We continue our study in 2 Chronicles with a reminder that the nation of Israel, comprising the ten rebellious tribes in the north, has fallen to Assyria (2 Kings 17:1-6; 2 Kings 18:11-12). With the exception of a poor remnant that were left behind, the Israelites were taken into captivity and the king of Assyria began resettling the land with “strangers.”
Those “strangers,” a heathen, idol worshipping people from other nations, will inter-marry with the remaining Jews that were left in the land. This mixed-race people who will adopt some aspects of the “Jewish religion,” and the covenant, in Christ’s day will be identified as Samaritans.
The focus of today’s Scripture is the two southern tribes we know as the nation of Judah. Following the death of the wicked King Ahaz, his son Hezekiah ascended the throne in Jerusalem and his reign ushered in a time of spiritual revival (2 Kings 18; 2 Chronicles 29).
The reign of Ahaz had been a curse to Judah for “he did not that which was right in the sight of the LORD, like David his father” (2 Chronicles 28:1). Ahaz had not only turned from the LORD, but also “burnt his children in the fire, after the abominations of the heathen” (28:3).
Reminding us that God punishes a nation for the wickedness of its leaders, we read, “For the LORD brought Judah low because of Ahaz king of Israel; for he made Judah naked, and transgressed sore against the LORD” (28:19). Ahaz went on to desecrate the LORD’S Temple, destroying vessels used in offering sacrifices, and finally shutting the doors of the Temple (28:24).
When Ahaz died, his son Hezekiah began to reign and “did that which was right in the sight of the LORD, according to all that David his father had done” (2 Chronicles 29:2; 2 Kings 18:3). Choosing not to follow in his father’s sins, Hezekiah turned to the LORD, “removed the high places” (2 Kings 18:4), began repairing the Temple (2 Chronicles 29:3), and set his heart to “make a covenant with the LORD God of Israel” (2 Chronicles 29:10).
Hezekiah’s actions were born out of a heart of faith for he, “trusted in the LORD God of Israel…6 For he clave to the LORD…kept his commandments, which the LORD commanded Moses. 7 And the LORD was with him; and he prospered whithersoever he went forth” (2 Kings 18:5-7).
Hezekiah’s first command was to summon the Levites and direct them to cleanse the Temple (2 Chronicles 29:4-11). Having cleansed the Temple (2 Chronicles 29:12-17), the priests reported to Hezekiah who then “went up to the house of the LORD,” offered sacrifices (2 Chronicles 29:18-25) and commanded the Levites to lead the congregation in worship with musical instruments and song (2 Chronicles 29:26-30).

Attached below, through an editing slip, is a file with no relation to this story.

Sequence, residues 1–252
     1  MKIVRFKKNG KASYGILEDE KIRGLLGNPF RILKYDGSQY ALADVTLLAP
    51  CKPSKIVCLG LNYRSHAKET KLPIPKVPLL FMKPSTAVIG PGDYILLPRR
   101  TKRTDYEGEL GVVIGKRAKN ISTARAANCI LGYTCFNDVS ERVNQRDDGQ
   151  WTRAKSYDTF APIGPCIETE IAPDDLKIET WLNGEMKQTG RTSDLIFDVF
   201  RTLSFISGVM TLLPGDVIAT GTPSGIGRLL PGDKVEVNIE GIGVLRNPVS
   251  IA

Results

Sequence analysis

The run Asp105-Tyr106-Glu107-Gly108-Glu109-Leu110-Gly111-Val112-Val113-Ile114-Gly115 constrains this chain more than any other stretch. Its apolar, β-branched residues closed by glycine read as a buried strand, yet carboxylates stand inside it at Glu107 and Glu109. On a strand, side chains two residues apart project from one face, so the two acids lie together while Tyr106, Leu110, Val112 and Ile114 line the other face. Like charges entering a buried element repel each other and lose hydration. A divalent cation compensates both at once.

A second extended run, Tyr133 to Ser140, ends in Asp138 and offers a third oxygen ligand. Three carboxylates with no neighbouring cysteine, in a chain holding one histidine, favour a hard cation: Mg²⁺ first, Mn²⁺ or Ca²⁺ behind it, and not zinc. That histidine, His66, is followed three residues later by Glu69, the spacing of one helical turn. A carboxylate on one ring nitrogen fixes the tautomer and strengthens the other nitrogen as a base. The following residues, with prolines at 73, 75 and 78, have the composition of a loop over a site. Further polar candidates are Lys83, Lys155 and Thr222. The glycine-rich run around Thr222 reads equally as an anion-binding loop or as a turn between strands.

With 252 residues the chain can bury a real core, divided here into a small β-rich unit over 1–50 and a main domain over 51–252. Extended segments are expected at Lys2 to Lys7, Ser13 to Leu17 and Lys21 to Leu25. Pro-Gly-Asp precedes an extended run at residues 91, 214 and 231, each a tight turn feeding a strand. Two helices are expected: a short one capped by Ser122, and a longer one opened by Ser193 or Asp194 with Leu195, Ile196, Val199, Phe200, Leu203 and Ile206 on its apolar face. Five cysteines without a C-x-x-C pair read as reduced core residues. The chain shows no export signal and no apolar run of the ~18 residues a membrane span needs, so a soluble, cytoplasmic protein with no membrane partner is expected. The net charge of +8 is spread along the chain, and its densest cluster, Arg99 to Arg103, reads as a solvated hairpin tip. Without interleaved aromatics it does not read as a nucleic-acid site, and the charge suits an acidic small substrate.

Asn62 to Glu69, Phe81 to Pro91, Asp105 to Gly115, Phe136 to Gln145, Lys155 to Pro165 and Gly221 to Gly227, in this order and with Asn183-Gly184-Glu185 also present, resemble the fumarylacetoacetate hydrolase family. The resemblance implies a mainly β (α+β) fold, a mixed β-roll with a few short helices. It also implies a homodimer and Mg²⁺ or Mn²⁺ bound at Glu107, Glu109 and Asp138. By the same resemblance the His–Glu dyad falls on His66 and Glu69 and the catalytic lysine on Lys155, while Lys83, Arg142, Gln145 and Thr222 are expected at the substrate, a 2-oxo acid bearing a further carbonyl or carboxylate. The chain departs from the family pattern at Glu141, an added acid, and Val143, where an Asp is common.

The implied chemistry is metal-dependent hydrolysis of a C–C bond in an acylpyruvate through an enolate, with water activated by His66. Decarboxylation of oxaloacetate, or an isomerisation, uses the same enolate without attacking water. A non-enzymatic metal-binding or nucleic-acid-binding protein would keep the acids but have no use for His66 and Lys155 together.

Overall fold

2 Chronicles 30 – Spiritual revival began with the king of Judah and its spiritual leaders.
Restoring the observance of the Passover, Hezekiah invited Israel and Judah to turn to the LORD and come to Jerusalem and worship (30:1-9). Some in Israel heeded the king’s call to humble themselves and worship the LORD; however, there were many who “laughed them to scorn, and mocked them” (30:10-11).
Heeding the king’s invitation to turn to the LORD, the people assembled in Jerusalem to observe the Passover and tore down altars of idolatry in the land. When the Passover lamb was killed, those who ministered the Passover were pricked in their hearts and “were ashamed, and sanctified themselves” (30:15) because they “had not cleansed themselves” (30:17-18).
Hezekiah prayed for them [the Levites], saying, “The good LORD pardon every one 19 That prepareth his heart to seek God” (30:18-19).
We read, the king “spake comfortably unto all the Levites that taught the good knowledge of the LORD” (30:22). The phrase, “spake comfortably,” might mislead some to think the king made the Levites comfortable in their sins; however, the word “comfortably” is the Hebrew word for the heart or mind.
In other words, the king appealed to their hearts.
2 Chronicles 31 – Gratitude Expressed in Giving
Judah’s revival continues in 2 Chronicles 31 as the places of idol worship are destroyed (31:1). In a spirit of revival, the sacrificial offerings brought by the people were so great (31:5-10) that there was a problem in how to store and dispose of the tithes and offerings (31:11-19). Remember, an attitude of gratitude expresses itself in the joy of giving!
I close today’s commentary knowing that, while Jerusalem and Judah were experiencing a spiritual awakening, trouble was approaching (2 Chronicles 32). Sennacherib king of Assyria, fresh off his victory over Israel, was moving his army into Judah and would soon lay siege to Jerusalem.
A note from the author: Today’s Scripture reading is the 200th in our goal to chronologically read through the Word of God this year. This devotional is also a milestone as it is my 200th commentary for the year. I pray my labor has been spiritually enriching, enlightening, and encouraging.
Copyright 2020 – Travis D. Smith